Greninja has had somewhat a mixed history throughout its relevance in the competitive scene. It saw some initial success, but it was not until the World Championships and the addition of Talonflame that we saw it begin to flourish. With a second place finish at Worlds and an immediate Regionals win in the Expanded format, Greninja seemed like it was at the top of the format.
As time has progressed, however, the card has ceased to exist from both the Standard and Expanded. I would attribute this mostly to its weakness to Grass and the release of good Grass GXs in Sun & Moon as well as the sheer popularity of Garbodor in Standard and Archeops in Expanded. With the release of Rising Guardians, however, I am somewhat optimistic that the Frogs may once again rise (float?) to the top.
Rising from the Ashes: Greninja
Let us begin by exploring the list I have been working on:
Pokémon – 18
Trainers – 33
3 Choice Band
2 Field Blower
1 Rescue Stretcher
Energy – 9
There is very little to discuss about the Pokémon count in this list. For the most part, this has been the norm since Steam Siege, and I think that is for good reason. There has been some debate over whether or not Talonflame is needed in the list, but I have argued for its inclusion since the Fall despite the trend somewhat reflecting otherwise. By no means is Talonflame “needed,” but Greninja, as many of are acutely aware, has some natural inconsistency, and I think Taloneflame is simply the best solution to that.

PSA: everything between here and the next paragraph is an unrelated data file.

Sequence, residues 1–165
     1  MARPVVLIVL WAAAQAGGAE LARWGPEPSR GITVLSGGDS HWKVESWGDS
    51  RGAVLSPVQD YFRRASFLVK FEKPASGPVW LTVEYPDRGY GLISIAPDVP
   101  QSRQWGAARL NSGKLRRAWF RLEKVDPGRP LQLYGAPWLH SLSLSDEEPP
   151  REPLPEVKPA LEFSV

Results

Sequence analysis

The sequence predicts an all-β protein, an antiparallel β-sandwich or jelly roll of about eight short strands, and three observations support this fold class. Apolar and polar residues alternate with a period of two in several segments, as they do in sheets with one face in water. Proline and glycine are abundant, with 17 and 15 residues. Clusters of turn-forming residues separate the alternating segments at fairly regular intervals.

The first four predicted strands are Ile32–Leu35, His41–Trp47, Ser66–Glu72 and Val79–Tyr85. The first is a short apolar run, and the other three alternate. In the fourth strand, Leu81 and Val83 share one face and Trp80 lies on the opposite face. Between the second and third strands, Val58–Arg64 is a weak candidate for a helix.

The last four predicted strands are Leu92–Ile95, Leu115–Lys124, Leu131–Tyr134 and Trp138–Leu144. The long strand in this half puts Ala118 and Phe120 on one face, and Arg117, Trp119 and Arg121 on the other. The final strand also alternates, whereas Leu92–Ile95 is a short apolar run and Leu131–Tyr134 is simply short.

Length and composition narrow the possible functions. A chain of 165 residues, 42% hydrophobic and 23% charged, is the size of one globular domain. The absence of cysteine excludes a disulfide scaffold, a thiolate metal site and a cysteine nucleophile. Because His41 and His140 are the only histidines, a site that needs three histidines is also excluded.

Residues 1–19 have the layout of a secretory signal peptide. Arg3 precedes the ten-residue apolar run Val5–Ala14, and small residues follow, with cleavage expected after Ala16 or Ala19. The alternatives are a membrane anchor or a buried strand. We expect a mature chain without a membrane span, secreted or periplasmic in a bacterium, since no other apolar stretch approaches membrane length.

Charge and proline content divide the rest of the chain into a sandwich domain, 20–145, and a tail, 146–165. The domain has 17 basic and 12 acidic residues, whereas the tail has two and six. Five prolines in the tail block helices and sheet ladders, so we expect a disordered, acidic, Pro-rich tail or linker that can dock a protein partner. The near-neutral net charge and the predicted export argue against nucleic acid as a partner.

Additionally, it is particularly useful against Decidueye/Vileplume and can help set up while under Item Lock should be you fortunate enough to start it. There is probably some merit in a fourth copy of Greninja Break but for now, I believe that three is the correct choice.
Of course, the biggest boon to Greninja is Field Blower. Finally, there is an to answer Garbodor that is much more reliable than hoping to knock it out before Garbotoxin does too much. Field Blower provides additional utility in making it easier to take KOs on the bigger Pokémon, and ensures you’ll almost always (especially with Choice Band) be able to take a two-hit knockout.
Outside of this, the rest of the list is mostly your standard froggy fair. Consistency is a must for a setup deck such as Greninja, and as such, I’ve tried to keep the Supporter count in, opting to ignore more situational options like Ace Trainer, Pokémon Ranger or Hex Maniac. I have been quite enamored with Skyla in Standard since playing it in my Lapras deck, and think that it deserves a spot in here as it is rarely bad and lets you find crucial Items at any given point.